WASHINGTON, May 24 (Reuters) - U.S. Deputy Treasury Secretary Wally Adeyemo said he anticipates strong support from the G7 industrial democracies for the Biden Administration’s proposed 15%-plus global minimum corporate tax, which in turn should help solidify support in the U.S. Congress for domestic corporate tax legislation.
“My sense is that you’re going to see a lot of unified support amongst the G7 moving forward,” Adeyemo told Reuters on Monday after supportive comments about the Treasury’s proposal from France, Germany, Italy and Japan.
That support may be voiced at an in-person meeting of G7 finance ministers in London on June 4-5, Adeyemo said.
The reaction from G7 chair Britain has been more guarded.
The Treasury last week floated a global minimum rate of 15% or higher, well below the Biden administration’s 21% minimum rate for U.S. companies’ overseas income and its 28% proposed domestic corporate tax rate.
In 2017, the Trump administration and Republicans in Congress cut the rate to 21% in 2017 and instituted a minimum tax rate on overseas income from intangible sources of 10.5%.
The U.S. global minimum tax proposal is expected to be a key topic of discussion at a preliminary virtual G7 finance leaders meeting on Friday.
Adeyemo, who is involved in the OECD tax talks, said he expects a broad international commitment of 15% or more to help build support in Congress for a U.S. corporate tax increase by narrowing the gap between U.S. and overseas rates. Once a higher U.S. minimum is in place, that will provide incentives for other countries to move toward the U.S. rate, he added.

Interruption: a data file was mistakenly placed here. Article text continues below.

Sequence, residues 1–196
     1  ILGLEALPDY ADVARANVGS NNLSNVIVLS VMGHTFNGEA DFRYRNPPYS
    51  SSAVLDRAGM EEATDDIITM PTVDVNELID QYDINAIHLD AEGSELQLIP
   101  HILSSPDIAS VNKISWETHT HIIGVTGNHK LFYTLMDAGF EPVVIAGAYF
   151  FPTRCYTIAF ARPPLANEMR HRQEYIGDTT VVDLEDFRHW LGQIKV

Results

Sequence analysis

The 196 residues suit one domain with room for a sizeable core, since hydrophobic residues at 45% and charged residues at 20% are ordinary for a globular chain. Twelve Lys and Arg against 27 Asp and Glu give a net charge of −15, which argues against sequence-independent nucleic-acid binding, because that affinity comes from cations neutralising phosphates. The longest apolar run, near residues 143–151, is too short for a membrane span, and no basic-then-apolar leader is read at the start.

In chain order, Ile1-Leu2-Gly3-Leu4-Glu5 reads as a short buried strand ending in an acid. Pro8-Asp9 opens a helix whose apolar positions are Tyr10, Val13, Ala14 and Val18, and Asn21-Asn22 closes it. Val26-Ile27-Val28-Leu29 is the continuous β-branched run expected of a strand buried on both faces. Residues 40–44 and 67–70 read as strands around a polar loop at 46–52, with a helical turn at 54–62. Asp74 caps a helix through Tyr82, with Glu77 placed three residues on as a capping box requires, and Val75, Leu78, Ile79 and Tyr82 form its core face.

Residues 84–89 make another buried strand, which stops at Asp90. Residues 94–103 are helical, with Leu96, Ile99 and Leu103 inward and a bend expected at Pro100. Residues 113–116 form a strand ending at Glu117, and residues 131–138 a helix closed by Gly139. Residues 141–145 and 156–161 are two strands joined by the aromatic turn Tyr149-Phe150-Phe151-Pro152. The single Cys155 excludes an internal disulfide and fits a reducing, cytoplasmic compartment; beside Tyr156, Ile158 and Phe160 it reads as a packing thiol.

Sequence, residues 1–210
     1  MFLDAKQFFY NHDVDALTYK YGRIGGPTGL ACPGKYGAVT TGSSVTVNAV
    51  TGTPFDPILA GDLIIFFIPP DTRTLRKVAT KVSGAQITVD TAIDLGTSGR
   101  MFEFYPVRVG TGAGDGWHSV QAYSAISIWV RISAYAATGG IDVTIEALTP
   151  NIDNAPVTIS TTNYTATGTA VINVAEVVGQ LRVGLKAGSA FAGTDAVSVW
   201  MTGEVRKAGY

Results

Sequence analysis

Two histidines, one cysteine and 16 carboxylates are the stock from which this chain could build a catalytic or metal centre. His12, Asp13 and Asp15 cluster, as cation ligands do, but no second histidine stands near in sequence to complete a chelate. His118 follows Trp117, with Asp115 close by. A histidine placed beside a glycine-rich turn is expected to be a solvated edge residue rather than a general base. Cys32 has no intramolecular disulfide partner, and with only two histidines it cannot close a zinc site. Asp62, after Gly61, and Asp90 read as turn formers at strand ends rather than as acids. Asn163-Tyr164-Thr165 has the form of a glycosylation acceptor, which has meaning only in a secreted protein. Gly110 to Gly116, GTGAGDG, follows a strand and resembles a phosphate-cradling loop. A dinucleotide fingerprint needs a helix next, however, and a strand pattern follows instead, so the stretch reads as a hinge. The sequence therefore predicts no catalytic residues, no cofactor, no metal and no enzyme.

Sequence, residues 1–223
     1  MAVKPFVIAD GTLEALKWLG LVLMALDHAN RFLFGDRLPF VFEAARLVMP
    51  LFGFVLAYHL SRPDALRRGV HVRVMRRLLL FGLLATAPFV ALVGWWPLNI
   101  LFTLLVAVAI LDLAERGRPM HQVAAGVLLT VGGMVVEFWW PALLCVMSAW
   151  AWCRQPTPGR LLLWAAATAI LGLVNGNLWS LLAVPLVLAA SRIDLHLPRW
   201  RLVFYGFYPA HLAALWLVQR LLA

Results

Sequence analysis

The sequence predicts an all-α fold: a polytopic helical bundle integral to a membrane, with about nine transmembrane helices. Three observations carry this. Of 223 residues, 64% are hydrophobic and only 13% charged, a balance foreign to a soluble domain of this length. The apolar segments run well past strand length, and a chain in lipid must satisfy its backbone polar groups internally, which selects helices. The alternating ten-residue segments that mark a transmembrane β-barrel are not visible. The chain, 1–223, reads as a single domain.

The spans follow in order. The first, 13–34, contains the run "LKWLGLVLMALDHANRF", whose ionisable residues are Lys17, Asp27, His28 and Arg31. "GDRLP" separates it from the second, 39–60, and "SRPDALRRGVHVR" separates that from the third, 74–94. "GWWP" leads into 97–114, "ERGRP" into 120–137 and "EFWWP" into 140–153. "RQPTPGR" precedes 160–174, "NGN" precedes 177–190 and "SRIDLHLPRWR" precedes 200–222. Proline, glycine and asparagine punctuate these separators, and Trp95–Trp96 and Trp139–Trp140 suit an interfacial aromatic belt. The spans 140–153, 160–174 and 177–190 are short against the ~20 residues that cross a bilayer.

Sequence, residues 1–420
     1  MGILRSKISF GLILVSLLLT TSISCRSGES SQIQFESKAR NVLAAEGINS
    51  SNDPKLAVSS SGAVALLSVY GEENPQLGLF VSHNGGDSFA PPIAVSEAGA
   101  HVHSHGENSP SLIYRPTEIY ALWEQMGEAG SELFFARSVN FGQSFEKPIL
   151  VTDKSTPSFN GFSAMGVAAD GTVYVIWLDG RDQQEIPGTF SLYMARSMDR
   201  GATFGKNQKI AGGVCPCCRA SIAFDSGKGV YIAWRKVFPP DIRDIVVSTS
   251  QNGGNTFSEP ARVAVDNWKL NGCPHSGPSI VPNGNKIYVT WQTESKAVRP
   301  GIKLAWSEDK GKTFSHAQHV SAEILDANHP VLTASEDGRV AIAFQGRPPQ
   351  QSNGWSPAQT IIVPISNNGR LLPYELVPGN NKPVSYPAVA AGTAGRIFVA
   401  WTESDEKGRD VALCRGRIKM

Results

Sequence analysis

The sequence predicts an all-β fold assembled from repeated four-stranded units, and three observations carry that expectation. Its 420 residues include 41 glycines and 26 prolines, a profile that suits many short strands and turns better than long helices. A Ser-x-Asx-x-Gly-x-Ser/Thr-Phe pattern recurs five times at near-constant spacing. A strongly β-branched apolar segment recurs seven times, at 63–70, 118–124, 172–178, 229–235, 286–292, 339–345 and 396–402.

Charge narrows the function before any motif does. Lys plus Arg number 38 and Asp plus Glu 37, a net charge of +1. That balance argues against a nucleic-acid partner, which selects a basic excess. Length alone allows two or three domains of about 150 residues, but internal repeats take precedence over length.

“If we can get world to say that they’re willing to do at least 15%, it gives us the ability to come back to the international conversation once we’ve finished to the domestic piece.”
Negotiators in the OECD tax talks have been aiming for an agreement in principal this summer. By the time of a G20 finance leaders meeting in Venice, Italy in July, there should be a good sense of unity around a global minimum tax structure, Adeyemo said. He added that there would be a lot of technical details to work out, so a final agreement may have to wait until G20 leaders meet in Rome at the end of October. (Reporting by David Lawder; Editing by Dan Burns and David Gregorio)